22 Bishopsgate Announces Plans For A Foodie’s Shangri-La

The project promises to give nearby Borough Market a run for its money on Saturdays

If you’ve not yet heard of 22 Bishopsgate, you’ve probably seen it: all 62-storeys of it, nestled in the heart of London’s financial district and towering above than any of its Square Mile neighbours.

Already, as part of the project’s aim to become the most congenial and fun place to work in the capital, a well-being retreat, curated “art walk”, auditorium, project spaces, cycle hub and London’s highest free public viewing gallery have all been confirmed: and now, this self-consciously future-proof work space has announced the addition of The Market, a 20,000-square-foot culinary hub co-run by the building’s owners and developers AXA IM – Real Assets, hospitality group rhubarb and champions of grassroots talent of the food and beverage industry, The Young British Foodies (YBFs).

A restaurant and adjoining terrace, modern wine bar and a wealth of food and drink offerings in street-food style kiosks and (continually rotated, to ensure diversity and vibrancy of ideas) pop-ups will occupy the communal spaces across the building’s 2nd floor. The Market will open to the public outside business hours and on Saturdays, while offering food and catering services directly to the 12,000-strong business population active in the ‘vertical village’ development.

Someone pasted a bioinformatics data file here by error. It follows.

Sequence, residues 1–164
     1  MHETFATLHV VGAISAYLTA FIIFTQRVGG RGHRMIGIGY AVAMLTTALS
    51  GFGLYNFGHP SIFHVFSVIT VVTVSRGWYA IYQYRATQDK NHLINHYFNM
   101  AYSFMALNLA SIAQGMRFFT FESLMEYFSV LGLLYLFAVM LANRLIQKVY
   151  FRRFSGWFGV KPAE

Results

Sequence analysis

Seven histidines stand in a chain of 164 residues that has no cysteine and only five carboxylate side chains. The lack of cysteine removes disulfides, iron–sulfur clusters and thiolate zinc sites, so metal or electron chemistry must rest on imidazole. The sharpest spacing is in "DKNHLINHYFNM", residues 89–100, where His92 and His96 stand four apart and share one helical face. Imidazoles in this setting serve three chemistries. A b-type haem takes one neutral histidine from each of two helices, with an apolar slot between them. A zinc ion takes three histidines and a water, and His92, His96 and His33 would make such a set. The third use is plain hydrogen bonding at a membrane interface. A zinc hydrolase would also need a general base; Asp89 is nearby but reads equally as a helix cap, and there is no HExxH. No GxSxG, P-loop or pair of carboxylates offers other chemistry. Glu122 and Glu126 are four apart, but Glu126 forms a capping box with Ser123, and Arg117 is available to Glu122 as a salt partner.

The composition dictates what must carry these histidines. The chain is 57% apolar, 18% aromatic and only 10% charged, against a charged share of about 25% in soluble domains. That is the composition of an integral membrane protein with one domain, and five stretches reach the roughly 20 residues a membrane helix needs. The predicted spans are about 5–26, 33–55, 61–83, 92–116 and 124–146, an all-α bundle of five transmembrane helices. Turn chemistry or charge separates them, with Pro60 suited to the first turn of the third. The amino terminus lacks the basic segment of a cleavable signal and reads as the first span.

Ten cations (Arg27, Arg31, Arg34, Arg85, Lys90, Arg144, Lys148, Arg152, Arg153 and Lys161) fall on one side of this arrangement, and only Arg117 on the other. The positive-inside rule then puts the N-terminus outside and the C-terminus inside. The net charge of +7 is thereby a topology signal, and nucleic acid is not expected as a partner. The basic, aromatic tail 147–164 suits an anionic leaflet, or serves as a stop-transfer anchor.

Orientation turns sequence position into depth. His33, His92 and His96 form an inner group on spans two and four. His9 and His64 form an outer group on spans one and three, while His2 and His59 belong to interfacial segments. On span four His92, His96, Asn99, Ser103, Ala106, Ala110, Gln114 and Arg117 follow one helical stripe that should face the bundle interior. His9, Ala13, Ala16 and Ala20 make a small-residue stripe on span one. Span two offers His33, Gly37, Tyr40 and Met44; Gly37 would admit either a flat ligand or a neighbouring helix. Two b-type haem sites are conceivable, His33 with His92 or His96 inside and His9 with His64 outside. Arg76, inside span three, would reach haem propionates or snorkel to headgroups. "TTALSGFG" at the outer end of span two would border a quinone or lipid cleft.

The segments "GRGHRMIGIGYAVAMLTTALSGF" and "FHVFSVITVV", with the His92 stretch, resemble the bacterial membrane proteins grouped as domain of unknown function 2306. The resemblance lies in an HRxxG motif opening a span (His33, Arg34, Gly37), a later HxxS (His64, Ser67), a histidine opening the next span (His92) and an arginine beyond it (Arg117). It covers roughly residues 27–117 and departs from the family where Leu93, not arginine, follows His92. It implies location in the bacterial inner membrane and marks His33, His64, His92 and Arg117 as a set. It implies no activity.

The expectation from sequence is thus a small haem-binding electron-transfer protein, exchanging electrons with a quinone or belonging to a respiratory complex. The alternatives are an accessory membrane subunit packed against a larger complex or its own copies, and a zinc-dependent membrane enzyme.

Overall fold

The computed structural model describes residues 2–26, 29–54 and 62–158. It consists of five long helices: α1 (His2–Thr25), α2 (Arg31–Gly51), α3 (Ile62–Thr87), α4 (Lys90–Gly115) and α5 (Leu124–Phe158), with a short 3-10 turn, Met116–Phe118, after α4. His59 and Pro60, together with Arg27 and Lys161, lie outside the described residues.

The involvement of the YBFs – who have previously collaborated with Nuno Mendes, Yotam Ottolenghi and Melissa Hemsley, while past winners of the group’s Chef of the Year award include Tomos Parry of Brat and Richard Falk of The Dairy – will give exposure to the British food and drink industry’s emerging talented tastemakers.

The market’s design, meanwhile, is being helmed by two groups with international, award-winning hospitality experience: New York’s The MP Shift and Brighton’s Design LSM.  Expect conemtporary-style homage to the area’s heritage (think arches and stained glass, natural timbers, light concrete, neutral stones and other materials reminiscent of those often found in London’s historic guild halls).

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